What is the purpose of our life? Why do we exist? According to Evolutionary Biology, the purpose of life is to pass on your genes. According to the limbic system it is to avoid pain and maximize pleasure. But we won't agree with either - we don't live life just to pass on our genes - we are not looking for sex all the time(well, not most people, anyway). We intentionally put our self through pain to create something of value. Science failed to give us a good answer to this very critical question - so we turn to philosophy.
Philosophy had solved this problem a long time ago. People were made by God - so everyone had a God given purpose(or an Essence as Aristotle called it). No one was confused about the purpose of life. Life was good.
This solution did not last. Along came another philosopher called Nietzche - and told everyone that God is dead. Science happily agreed with Nietzche's conclusion. Suddenly, philosophy was as useless as Science in understanding our purpose. But not for long - philosophy rose up to this challenge - it solved the problem once again. Philosophy, in a very uncharacteristic display of consensus, came to one conclusion - that Life has no meaning. Then in a way more characteristic way, differed greatly on what to do next.
The simplest answer was existential Nihilism. It says there is no meaning to life - and there can be none. But thankfully, there are a lot of other possible answers in philosophy. Most say that even though life has no inherent meaning, you can give it meaning.
You get to decide what your life means. That will give you great freedom and at the same time, great anxiety too. You are responsible for your purpose. You can't just sit back and hope that someone else will take care of it - it's not a group project that you can ignore because you know the nerd of the group will pick it up. This problem is yours and yours alone. Hence, anxiety.
The Shortcut Method
No one likes anxiety - especially not after the last year. With all the pre-existing anxieties that 2020 has given us, who needs a brand new philosophical existential anxiety. Just saying that gives me some anxiety. Thankfully, you get this anxiety only if you think about it - which only philosophers do. Most people just use a shortcut fix - don't think about your purpose - just use an available preexisting purpose. This might come from religions, or ideologies - like communism, or even traditions - like capitalism. If you ask people why they do the things they do, the large majority of the answers can be boiled down to "make more money". For most people, it is just numbers on a screen. Most of us have enough to not worry about survival - all the money we are making is just going into pushing up our bank balance. But we have been told from childhood that those numbers are tied to our survival, comfort and stability. We are told to safeguard those numbers beyond anything else. That is our purpose - even though we never though about it or decided it.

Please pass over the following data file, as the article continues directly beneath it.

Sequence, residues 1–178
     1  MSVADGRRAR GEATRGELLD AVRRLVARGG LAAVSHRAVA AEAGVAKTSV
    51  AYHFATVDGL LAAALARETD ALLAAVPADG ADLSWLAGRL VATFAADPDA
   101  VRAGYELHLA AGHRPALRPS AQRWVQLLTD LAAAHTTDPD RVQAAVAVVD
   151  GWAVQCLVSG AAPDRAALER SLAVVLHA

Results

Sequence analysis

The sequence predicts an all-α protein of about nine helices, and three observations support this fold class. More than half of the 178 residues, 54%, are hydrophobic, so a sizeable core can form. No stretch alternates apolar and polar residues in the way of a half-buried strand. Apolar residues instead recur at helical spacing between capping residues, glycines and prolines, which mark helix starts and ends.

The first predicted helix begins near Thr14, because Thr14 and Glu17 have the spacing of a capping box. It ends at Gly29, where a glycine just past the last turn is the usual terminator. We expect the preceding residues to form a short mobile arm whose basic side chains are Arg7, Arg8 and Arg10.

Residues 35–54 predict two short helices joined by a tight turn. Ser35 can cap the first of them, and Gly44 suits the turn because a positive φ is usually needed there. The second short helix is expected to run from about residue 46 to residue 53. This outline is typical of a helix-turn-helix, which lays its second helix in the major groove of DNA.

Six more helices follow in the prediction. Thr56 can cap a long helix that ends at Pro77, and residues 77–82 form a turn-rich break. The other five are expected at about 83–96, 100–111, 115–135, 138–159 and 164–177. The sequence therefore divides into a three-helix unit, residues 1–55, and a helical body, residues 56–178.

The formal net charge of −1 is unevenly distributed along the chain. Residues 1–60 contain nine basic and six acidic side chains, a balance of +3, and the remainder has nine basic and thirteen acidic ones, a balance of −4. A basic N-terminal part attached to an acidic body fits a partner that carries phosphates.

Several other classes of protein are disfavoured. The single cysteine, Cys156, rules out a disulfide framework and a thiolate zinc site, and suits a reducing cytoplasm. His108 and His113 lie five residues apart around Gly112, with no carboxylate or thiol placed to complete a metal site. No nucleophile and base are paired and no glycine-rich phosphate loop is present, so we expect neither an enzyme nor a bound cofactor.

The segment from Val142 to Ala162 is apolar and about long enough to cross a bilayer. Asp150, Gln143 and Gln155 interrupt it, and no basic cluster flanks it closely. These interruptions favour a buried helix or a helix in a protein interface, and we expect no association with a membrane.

Philosophers don't like this shortcut method of copying an existing solution. Their advice: personally choose what your purpose is - don't adopt an existing solution. They thought of the shortcut method as philosophical suicide. I kinda agree - don't use an existing system as is. But here, I have to deviate from all the big philosophers - in my opinion, it's ok to adopt a solution - as long as you are personalizing it. Take parts of one solution and parts of another. Trash the ideas in the solution that do not make sense to you. You can try one solution for a couple of years before giving it up and going for another. It doesn't have to be the 'one true purpose' - there is no such thing. It just has to be good enough for you. You can have multiple purposes as you move though your life - whatever works for you.
I have some simple metrics for what is 'good enough'. It should motivate you. It should make you happy. It should help you to make important life decisions. This is easier to understand with an example - myself. I have a pretty good purpose in life - I want the world to be as close as possible to my ideal world 200 years in the future. I chose my job in accordance with this purpose - I work at an NGO called Make A Difference. I'm making all this content on philosophy because I want people to be more interested in philosophy in the future. My purpose gives me the drive to do all this - happy slogging away into the wee hours of the night.
Finding your purpose
Now that you have read this article and are an expert at existentialism, the next step is finding your purpose. Philosophy has suggested a few methods to find your life's purpose. But the closer philosophy comes to a solution, the less effective philosophy is. Philosophy is great for finding questions. Answers, not so much. Again, we have to turn to Psychology for a better answer. It will be in the next article.
Before you go, here are some advanced philosophical problems if you think that finding your life's purpose is too easy. That is just personal existentialism. Once you have a good solution to this, you can try solving group existentialism - what is the purpose of the largest group you consider yourself a part of? If you are sufficiently broad minded, that translates to what is the purpose of humanity? And finally, cosmic existentialism - what is the purpose of the universe. If you have answers to all three of these questions, you can call yourself enlightened. PS: I have a 3/3 score in this - if you are curious, ask and I'll share my answer. But you can't just copy those answers - you'll have to find your own answers. These too, have to be subjective and personal.
The meaning of life is different for each person and each person has to find it on their own.You can take parts of a pre-existing purpose that motivate you and make you happy at the time and even change it as you go through life.